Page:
The Princess of Wales carried out an engagement in partnership with the Kinship Charity this week – a charity which takes care of children at risk of abandonment.
Her Royal Highnesses undertook the engagement at the Foundling Museum, an organisation of which she is patron. The Princess was joined by staff, volunteers and people who are using the charity, as well as rapper Professor Green, who himself has used the charity during his childhood.
Upon entering the room where children were playing, Her Royal Highness sat on the ground with the children who showed the princess their toys.
A boy managed to get the Princess to play a game with him, and the two of them pushed a little toy car back and forth, before he touched her on the nose with another of his toys, a gesture that she returned. Another boy gifted the Princess one of his toys, and she asked him how she was supposed to play with it, which the boy showed her proudly.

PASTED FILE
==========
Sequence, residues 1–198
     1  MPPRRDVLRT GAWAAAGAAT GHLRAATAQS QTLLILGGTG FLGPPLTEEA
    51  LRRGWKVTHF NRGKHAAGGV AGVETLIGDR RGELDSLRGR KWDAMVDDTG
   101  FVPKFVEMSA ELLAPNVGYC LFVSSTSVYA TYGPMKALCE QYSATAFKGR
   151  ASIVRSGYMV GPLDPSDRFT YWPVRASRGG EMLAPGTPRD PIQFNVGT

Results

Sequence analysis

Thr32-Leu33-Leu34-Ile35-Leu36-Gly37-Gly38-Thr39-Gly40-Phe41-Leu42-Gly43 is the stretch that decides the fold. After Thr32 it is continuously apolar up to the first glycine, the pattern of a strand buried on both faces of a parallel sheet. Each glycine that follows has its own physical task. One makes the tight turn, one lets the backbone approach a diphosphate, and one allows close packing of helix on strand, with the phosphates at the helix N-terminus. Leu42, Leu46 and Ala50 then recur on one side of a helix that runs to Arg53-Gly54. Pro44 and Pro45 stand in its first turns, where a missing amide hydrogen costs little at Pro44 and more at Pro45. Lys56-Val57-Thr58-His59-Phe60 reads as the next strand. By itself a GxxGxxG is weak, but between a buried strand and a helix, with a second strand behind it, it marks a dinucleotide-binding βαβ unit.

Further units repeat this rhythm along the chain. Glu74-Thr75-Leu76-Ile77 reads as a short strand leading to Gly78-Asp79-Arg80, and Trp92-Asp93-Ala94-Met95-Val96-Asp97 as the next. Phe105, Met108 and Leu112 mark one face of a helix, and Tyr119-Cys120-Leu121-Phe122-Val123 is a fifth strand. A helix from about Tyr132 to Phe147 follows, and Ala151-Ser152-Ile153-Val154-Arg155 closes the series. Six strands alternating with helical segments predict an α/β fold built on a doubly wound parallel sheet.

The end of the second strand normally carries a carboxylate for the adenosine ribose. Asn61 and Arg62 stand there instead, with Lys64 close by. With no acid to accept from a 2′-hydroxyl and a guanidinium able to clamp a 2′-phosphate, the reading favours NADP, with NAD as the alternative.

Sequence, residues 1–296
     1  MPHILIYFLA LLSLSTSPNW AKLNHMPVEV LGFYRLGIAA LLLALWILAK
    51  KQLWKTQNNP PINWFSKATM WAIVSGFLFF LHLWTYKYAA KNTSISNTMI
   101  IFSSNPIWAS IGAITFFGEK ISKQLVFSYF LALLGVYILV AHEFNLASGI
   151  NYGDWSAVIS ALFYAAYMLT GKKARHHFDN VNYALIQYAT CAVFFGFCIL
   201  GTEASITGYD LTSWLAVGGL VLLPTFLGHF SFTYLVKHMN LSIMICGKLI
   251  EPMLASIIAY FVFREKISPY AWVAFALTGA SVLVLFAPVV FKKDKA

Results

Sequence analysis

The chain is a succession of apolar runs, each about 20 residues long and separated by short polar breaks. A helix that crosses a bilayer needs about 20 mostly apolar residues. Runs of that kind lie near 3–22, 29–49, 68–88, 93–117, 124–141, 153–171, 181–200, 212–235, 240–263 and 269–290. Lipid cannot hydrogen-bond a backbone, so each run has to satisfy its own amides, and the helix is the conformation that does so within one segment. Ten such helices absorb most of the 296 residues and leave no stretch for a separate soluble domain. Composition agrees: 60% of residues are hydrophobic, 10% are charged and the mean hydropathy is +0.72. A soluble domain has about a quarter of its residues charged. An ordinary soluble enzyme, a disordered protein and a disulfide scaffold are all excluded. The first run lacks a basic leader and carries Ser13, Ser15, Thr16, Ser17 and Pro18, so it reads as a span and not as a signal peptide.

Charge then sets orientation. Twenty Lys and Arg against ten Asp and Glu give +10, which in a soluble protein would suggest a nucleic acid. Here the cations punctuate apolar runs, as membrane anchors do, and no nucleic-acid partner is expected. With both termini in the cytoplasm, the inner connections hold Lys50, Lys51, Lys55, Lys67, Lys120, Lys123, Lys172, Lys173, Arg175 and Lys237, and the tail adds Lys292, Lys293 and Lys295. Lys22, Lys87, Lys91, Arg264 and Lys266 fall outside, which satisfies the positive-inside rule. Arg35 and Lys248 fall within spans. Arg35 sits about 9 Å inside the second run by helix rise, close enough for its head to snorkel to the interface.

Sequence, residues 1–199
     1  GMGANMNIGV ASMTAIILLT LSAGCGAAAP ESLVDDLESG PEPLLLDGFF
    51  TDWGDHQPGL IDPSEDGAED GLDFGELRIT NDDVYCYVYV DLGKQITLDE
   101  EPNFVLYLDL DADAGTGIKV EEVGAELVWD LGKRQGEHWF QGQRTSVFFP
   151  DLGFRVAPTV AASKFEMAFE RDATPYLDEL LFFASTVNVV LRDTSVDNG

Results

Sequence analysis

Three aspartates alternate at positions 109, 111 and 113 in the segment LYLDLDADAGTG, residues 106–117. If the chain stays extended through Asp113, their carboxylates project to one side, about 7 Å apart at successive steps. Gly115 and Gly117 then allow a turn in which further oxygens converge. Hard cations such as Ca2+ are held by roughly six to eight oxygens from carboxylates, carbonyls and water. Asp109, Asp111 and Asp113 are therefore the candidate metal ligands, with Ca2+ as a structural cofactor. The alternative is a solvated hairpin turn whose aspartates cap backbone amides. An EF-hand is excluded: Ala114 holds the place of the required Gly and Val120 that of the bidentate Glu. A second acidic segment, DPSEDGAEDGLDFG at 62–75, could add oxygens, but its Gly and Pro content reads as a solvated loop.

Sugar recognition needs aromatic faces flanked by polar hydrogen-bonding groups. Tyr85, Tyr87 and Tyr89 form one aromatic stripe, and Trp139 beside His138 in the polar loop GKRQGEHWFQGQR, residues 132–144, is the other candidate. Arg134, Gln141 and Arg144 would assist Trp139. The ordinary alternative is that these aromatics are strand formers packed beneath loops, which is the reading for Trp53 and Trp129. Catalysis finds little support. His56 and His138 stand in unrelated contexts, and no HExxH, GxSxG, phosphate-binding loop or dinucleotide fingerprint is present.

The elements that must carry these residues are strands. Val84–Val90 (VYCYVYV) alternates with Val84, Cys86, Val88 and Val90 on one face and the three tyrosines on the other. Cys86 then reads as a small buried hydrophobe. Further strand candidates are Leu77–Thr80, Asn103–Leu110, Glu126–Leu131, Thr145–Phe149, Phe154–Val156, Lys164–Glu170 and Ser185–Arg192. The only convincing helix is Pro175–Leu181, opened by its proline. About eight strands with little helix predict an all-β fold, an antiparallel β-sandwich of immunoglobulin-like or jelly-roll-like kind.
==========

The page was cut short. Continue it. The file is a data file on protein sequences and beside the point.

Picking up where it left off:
She then bid farewell to the children and sat down with some of the adults working and using the charity for a discussion about the status of things.
Her Royal Highness asked some questions, like what the children in the system are facing when at school, to which some of the volunteers replied that one of their most important jobs is to educated “schools, medical organisations, people we meet along the journey, so that they understand the approaches that need to be taken with our children”.
Before leaving the Museum, the Princess also met with Professor Green’s grandmother, Pat, who raised the rapper.
The Foundling Museum, which hosts the Kinship Charity, was created upon the grounds of the Foundling Hospital, a charity born in 1739 from the mind of philanthropist Thomas Corn with the aim of taking care of the “education and maintenance of exposed and deserted young children”.
The Kinship Charity was created with the aim of supporting kinship carerers “in their homes and communities, giving advice and helping them work through problems to find the best way forward”. The term ‘kinship care’ indicates a situation in which “a child lives full-time or most of the time with a relative or friend who isn’t their parent, usually because their parents aren’t able to care for them”.